Timothy J. Standring jokes that the time he spent putting together Becoming Van Gogh stretched almost as long as the artist's career.
And, well, he's close. He built this show for seven years, and Vincent van Gogh was active only about 10.
Standring, Gates Foundation curator of painting and sculpture at the Denver Art Museum, wrote upward of 600 letters and made visits to curators and private collectors in both the U.S. and Europe for years, wooing them into loaning priceless works for this one-time, one-place exhibition.
While 60 eventually agreed, he was turned down plenty. In a recent article from the Wall Street Journal, Standring recalled that he "went to Oslo three times, but never met the director or the curator."
The setbacks that affected the tortured artist's own working life, of course, were more serious. But van Gogh's strengths were transcendent, and as you follow the arc of his self-taught art career in Becoming, both men look brilliant. Curated with the help of Louis van Tilborgh, senior researcher of paintings for the Van Gogh Museum in Amsterdam, the exhibit allows you to track not only the 19th-century icon's evolving technique, and his signature voice, but what he was actually learning as he developed.
As Standring puts it, "This is an exhibit of intelligent looking."
Becoming features about 70 van Goghs, plus 20 works by artists who influenced him. Standring points out that he and van Tilborgh borrowed works that van Gogh actually saw or wrote about, and have placed them beside van Gogh's attempts at reproducing them, or using them for inspiration. This includes pieces by Toulouse-Lautrec, Bouguereau and Millet, as well as the Japanese artists he admired, Hiroshige and Hokusai.
It's a breathtaking effort. Here rests van Gogh's portrait of postman Joseph Roulin; there, the first van Gogh work to ever enter a public museum. The first work to greet visitors — "Kitchen Gardens on Montmartre" — is also his largest painting, and it's followed by a lithograph van Gogh dashed off from memory depicting his first regarded masterpiece, "The Potato Eaters."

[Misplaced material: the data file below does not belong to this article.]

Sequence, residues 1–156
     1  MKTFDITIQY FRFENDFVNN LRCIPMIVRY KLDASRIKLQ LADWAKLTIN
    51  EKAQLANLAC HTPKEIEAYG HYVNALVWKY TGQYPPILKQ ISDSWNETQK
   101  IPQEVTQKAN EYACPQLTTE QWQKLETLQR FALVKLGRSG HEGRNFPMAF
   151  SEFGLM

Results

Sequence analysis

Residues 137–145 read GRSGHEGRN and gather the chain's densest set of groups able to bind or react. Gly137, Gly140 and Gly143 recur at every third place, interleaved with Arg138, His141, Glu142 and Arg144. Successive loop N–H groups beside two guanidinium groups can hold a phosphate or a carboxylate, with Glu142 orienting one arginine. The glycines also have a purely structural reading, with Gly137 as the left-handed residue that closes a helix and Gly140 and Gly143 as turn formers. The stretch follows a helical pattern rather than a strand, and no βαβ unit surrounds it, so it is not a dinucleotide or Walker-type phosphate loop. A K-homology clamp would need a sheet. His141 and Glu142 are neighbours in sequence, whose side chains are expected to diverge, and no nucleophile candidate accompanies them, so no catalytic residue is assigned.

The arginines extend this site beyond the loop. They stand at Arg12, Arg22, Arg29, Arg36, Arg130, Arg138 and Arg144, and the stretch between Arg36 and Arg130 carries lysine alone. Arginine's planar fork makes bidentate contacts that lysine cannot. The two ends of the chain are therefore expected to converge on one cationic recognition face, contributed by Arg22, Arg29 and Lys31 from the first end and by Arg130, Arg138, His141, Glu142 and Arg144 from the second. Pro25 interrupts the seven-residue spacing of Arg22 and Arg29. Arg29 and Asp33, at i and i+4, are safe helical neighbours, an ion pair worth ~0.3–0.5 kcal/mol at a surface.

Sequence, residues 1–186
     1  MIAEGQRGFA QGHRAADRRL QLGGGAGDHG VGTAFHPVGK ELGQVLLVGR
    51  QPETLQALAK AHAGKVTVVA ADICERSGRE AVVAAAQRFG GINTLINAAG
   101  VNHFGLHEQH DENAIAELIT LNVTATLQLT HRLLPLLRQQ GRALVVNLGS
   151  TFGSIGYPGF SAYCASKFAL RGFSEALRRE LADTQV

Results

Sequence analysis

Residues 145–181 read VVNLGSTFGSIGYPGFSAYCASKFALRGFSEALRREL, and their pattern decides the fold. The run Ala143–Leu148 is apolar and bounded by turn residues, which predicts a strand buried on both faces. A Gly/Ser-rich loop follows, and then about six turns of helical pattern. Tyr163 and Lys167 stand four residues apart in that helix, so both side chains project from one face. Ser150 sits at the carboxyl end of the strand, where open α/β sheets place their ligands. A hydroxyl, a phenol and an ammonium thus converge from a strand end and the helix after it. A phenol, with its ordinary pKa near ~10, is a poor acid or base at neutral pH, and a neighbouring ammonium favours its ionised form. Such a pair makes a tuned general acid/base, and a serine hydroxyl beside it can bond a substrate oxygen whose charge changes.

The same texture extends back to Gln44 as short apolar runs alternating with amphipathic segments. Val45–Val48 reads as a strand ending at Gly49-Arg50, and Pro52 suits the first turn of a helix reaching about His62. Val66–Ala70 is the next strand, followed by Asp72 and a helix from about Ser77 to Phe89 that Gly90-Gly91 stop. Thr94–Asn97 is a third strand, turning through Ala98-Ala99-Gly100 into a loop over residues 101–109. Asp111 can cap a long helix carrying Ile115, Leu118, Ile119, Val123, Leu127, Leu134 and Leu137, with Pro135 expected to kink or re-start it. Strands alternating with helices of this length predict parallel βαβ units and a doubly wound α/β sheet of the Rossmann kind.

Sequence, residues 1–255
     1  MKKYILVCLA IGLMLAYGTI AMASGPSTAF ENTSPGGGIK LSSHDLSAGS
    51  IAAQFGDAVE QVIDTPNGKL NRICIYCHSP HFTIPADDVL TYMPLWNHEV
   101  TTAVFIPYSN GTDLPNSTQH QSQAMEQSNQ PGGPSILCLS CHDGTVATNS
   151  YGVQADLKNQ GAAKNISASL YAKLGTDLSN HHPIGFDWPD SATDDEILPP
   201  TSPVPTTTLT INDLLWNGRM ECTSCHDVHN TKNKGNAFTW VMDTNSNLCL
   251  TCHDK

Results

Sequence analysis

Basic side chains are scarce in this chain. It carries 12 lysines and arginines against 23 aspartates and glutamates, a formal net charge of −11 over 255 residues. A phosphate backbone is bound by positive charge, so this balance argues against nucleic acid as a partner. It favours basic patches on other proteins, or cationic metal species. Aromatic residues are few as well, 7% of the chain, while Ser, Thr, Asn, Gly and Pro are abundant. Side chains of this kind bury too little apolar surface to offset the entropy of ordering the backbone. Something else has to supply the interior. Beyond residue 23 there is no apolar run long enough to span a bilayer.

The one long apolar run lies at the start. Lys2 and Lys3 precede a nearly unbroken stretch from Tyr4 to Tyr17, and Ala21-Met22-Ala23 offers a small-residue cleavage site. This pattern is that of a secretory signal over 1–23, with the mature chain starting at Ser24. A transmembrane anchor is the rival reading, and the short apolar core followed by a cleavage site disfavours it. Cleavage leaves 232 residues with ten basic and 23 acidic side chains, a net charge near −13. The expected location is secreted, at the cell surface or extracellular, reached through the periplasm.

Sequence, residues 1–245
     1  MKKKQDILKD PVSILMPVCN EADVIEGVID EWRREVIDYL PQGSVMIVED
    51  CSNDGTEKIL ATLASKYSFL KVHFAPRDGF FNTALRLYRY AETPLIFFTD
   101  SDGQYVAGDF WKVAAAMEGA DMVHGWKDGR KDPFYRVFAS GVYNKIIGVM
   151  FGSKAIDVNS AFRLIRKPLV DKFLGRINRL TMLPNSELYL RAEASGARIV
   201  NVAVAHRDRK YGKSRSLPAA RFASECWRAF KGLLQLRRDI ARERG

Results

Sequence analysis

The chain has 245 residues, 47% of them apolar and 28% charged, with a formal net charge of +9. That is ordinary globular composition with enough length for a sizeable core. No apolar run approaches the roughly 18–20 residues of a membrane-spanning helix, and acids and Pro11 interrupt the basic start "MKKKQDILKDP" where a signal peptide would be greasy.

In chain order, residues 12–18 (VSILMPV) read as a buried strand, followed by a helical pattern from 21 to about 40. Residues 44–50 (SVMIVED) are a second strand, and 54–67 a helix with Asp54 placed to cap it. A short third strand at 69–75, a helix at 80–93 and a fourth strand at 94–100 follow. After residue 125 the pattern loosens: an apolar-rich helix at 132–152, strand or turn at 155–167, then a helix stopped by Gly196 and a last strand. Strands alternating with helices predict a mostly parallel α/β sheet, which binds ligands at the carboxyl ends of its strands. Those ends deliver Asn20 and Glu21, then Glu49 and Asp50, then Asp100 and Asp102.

And at the end, three self-portraits.
"I think this is the first exhibition where you have a self-portrait at the end, instead of the beginning," van Tilborgh says. He adds, "We thought it would be a nice way to round off the exhibition. ... You can have your own moments, your private moments, with a great artist."
The show isn't biographical, but it does chronologically chart van Gogh's artistic progression. While the beginning impresses with thoughtful drawings and dark, didactic works — van Gogh sought to send a "visual sermon" at the time — the end astounds with explosions of color and that singular Van Gogh paint-straight-from-the-tube mark-making.
Emotion trembles beneath these works, and the intensity of a great creative force long gone is gripping. Says Standring, "He's the Rocky Balboa of art."